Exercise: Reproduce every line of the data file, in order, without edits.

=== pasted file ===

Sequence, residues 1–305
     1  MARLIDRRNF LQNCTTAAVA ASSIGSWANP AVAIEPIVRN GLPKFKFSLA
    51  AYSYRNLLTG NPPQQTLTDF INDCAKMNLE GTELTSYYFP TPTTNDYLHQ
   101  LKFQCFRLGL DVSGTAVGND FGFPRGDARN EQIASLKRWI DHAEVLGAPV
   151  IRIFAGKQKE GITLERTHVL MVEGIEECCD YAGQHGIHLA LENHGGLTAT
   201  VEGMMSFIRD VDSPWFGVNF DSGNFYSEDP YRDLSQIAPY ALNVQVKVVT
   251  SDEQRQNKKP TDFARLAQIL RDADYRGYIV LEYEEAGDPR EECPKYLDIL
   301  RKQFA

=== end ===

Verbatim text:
Sequence, residues 1–305
     1  MARLIDRRNF LQNCTTAAVA ASSIGSWANP AVAIEPIVRN GLPKFKFSLA
    51  AYSYRNLLTG NPPQQTLTDF INDCAKMNLE GTELTSYYFP TPTTNDYLHQ
   101  LKFQCFRLGL DVSGTAVGND FGFPRGDARN EQIASLKRWI DHAEVLGAPV
   151  IRIFAGKQKE GITLERTHVL MVEGIEECCD YAGQHGIHLA LENHGGLTAT
   201  VEGMMSFIRD VDSPWFGVNF DSGNFYSEDP YRDLSQIAPY ALNVQVKVVT
   251  SDEQRQNKKP TDFARLAQIL RDADYRGYIV LEYEEAGDPR EECPKYLDIL
   301  RKQFA